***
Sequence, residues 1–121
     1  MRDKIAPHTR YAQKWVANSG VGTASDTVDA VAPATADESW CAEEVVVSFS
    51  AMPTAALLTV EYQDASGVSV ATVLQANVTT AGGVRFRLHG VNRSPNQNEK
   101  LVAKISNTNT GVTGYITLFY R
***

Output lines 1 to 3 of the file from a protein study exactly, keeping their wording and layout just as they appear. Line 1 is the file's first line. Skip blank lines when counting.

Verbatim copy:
Sequence, residues 1–121
     1  MRDKIAPHTR YAQKWVANSG VGTASDTVDA VAPATADESW CAEEVVVSFS
    51  AMPTAALLTV EYQDASGVSV ATVLQANVTT AGGVRFRLHG VNRSPNQNEK